ReadIris stumbles with Spanish, technical translations

Pro and cons:
+        Scans many languages
–        Error rate varies with language
–        Can’t handle multiple languages in a
document; graphics and chart text handled poorly


Real-life requirements:
Win95, NT or Mac OS; scanner; CD-ROM drive for installation


Que hablas espa'ol? Tildes and other non-English punctuation marks can confuse
English-oriented optical character recognition packages.


ReadIris OCR from Image Recognition Integrated Systems claims to scan 54 languages,
including some fairly obscure ones, and move the text from paper into a word processing
file. In theory, this could free multilingual users from having to retype paper documents
for editing.


Most OCR software is pretty fickle about the documents it can recognize. Although users
often are advised to stick to first-generation, laser-printed text for best results, this
is one area where ReadIris stands out. It accepts most text equally, regardless of the
printing method.


To give ReadIris OCR the benefit of the doubt, I did all my testing on laser-printed
documents. I don’t have the expertise to judge its performance on all the supported
languages, such as Gaelic, Macedonian and Byelorussian, but I read Spanish fairly well and
managed to recruit help in German.


ReadIris on English documents produced impressive results, but there were odd mistakes.
In a technical document, for example, the software never managed to identify
“10Mbit/s” correctly, instead printing “I DO Mbit/s.” That might be
humorous on a license plate but not elsewhere. The error occurred throughout, although
other tech terms were recognized correctly.


The only other negative in the English test was that ReadIris OCR could not read text
inside a chart or graphic. That could be acceptable if the OCR text dropped into the word
processor gave some kind of warning that an unreadable chart or graphic existed at that
location. But it doesn’t, so the document’s subsequent audience will not realize
something has been left out.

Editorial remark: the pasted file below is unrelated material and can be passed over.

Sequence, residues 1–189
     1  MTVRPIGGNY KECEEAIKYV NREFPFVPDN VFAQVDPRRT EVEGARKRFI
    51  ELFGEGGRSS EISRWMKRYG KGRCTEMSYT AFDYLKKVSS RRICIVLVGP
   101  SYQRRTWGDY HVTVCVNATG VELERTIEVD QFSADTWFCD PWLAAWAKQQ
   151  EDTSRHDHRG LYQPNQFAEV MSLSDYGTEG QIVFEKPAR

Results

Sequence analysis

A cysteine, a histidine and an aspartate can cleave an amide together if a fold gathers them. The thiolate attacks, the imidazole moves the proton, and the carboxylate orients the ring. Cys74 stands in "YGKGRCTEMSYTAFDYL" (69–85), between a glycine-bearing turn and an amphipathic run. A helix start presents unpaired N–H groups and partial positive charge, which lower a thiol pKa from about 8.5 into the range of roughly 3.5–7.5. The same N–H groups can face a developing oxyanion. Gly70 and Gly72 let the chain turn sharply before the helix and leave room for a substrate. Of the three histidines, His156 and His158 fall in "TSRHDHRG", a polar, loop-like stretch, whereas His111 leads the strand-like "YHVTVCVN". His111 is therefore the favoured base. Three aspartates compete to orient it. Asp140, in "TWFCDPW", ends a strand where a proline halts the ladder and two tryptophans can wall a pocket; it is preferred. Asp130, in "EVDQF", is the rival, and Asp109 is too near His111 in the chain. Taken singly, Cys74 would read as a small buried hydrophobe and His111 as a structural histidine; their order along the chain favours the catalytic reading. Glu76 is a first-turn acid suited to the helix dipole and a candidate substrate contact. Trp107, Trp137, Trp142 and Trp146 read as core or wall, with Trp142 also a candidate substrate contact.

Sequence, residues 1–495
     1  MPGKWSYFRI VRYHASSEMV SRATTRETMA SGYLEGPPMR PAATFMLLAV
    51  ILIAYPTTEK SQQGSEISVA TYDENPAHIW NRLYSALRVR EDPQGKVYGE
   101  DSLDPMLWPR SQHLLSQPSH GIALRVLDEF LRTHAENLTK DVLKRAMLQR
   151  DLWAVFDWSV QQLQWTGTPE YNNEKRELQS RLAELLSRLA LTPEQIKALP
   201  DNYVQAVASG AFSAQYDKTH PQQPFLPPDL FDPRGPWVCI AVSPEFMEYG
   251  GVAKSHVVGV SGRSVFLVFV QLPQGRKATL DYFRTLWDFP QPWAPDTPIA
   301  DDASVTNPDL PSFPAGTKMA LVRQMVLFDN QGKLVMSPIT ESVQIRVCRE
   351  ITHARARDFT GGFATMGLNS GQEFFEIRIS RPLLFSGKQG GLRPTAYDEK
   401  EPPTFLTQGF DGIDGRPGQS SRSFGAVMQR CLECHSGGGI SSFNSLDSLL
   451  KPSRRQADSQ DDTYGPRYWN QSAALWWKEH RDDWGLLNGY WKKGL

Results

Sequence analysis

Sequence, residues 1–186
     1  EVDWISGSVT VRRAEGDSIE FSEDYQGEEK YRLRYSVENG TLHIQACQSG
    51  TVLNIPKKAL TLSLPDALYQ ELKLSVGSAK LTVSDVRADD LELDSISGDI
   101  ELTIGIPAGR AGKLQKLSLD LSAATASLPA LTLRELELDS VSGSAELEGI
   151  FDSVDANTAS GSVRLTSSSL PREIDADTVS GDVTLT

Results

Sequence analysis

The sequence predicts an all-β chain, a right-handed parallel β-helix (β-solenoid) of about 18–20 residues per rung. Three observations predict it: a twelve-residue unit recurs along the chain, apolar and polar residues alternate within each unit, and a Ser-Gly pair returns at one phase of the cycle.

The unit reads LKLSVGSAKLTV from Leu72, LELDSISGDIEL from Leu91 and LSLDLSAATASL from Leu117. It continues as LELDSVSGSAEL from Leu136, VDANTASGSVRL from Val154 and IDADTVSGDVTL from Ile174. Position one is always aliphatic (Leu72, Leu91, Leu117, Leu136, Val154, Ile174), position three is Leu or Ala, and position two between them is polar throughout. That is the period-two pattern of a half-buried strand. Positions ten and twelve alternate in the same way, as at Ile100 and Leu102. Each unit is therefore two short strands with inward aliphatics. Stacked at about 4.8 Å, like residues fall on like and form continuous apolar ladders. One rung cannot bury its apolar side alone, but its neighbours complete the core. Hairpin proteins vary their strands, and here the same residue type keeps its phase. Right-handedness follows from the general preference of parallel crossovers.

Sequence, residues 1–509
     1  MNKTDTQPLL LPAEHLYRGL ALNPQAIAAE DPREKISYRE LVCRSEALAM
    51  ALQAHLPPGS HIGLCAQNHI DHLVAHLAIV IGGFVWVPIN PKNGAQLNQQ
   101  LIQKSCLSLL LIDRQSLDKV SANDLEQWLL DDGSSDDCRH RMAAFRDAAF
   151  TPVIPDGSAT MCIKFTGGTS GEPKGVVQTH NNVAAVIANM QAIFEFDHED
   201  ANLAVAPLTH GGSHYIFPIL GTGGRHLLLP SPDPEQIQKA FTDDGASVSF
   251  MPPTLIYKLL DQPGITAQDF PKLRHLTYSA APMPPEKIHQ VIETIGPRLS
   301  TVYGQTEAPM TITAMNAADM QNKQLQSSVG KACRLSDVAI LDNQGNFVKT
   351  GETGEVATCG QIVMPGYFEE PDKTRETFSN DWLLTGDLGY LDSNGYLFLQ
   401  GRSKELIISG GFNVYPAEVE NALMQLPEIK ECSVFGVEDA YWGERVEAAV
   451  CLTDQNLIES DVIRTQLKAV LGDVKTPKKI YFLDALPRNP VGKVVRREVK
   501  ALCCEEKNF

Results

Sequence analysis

ReadIris performed less accurately on a Spanish document. The phrase “Para
aprender” ran together to form “Paraaprender.” And something odd happened
to the word “Telemarketing,” which changed twice to “Telemarketin2.”


Minor errors also occurred in words such as “art'culo,” which lost the
accent mark over the i in favor of an English dot. For most words, the accent mark stayed,
but on a few it was replaced.


The software did better in German. Umlaut dots survived, and my German-speaking
colleague had no problem understanding the document after the OCR process. Looking at the
text, my colleague reported a match.


Multiple languages on the same page confused the program. This is more of an annoyance
than a flaw because the software interprets the unique punctuation of one language in
terms of the other. For example, German words that happen to be on the same page as
Spanish text undergoing OCR will be assigned Spanish symbols.


Users who handle a lot of paper documents written in other languages could benefit from
ReadIris if they ever need to modify the documents. The only difficulty I can see is that
some of the time saved by not having to retype would be lost in proofreading for mistakes.


OCR quality seems to depend on the language. German came out nearly perfect every time,
more so than English. Spanish had a higher error rate than both languages.  

About the Author

John Breeden II is a freelance technology writer for GCN.

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